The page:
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About this product
- DescriptionIt has always been an important task of ecomics to assess individual and social welfare. The traditional approach has assumed that the measuring rod for welfare is the satisfaction of the individual's given and unchanging preferences, but recent work in behavioural ecomics has called this into question by pointing out the inconsistencies and context-dependencies of human behaviour. When preferences are longer consistent, we have to ask whether a different measure for individual welfare can, and should, be found. This book goes beyond the level of preference and instead considers whether a hedonistic view of welfare represents a viable alternative, and what its rmative implications are. Offering a welfare theory with stronger behavioural and evolutionary foundations, Binder follows a naturalistic methodology to examine the foundations of welfare, connecting the concept with a dynamic theory of preference learning, and providing a more realistic account of human behaviour. This book will be of interest to researchers and those working in the fields of welfare ecomics, behavioural and evolutionary ecomics.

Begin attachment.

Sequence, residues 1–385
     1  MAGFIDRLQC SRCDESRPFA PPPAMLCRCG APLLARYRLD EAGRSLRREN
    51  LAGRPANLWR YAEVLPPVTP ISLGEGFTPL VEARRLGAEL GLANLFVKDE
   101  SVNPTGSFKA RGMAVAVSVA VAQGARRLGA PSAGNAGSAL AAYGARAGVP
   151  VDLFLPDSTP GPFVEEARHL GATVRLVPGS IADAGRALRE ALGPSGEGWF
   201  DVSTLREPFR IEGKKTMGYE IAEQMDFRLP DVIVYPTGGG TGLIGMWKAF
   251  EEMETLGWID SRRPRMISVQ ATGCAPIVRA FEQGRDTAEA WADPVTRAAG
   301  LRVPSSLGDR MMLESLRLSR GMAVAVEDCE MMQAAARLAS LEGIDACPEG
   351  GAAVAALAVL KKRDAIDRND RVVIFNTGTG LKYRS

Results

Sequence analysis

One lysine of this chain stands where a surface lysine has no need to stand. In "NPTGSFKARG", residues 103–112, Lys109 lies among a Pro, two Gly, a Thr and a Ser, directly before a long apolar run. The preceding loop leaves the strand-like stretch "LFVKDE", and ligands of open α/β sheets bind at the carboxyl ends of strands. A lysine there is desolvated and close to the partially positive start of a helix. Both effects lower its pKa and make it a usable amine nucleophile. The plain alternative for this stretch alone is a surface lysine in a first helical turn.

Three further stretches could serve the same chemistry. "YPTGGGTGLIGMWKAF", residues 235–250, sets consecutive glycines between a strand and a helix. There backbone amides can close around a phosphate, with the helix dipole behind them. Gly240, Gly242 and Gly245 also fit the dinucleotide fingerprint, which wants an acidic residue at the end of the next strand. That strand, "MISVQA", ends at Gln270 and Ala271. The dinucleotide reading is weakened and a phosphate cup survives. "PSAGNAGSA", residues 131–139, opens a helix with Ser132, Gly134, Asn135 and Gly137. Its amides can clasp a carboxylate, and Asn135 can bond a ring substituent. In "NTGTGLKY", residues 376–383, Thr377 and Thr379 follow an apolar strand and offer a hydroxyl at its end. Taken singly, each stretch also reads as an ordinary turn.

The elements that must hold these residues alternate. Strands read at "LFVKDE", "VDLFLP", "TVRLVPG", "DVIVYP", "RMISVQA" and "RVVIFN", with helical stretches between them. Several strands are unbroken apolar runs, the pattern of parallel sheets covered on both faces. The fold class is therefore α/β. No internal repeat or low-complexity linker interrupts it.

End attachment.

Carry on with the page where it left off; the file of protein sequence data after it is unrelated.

- Author BiographyMartin Binder is a Research Associate at the Max Planck Institute of Economics, Jena, Germany.
- Author(s)Martin Binder
- PublisherTaylor & Francis Ltd
- Date of Publication23/06/2014
- SubjectEconomics: Textbooks & Study Guides
- Place of PublicationLondon
- Country of PublicationUnited Kingdom
- Content Note3 black & white illustrations, 3 black & white line drawings
- Weight408 g
- Width156 mm
- Height234 mm
- Spine16 mm
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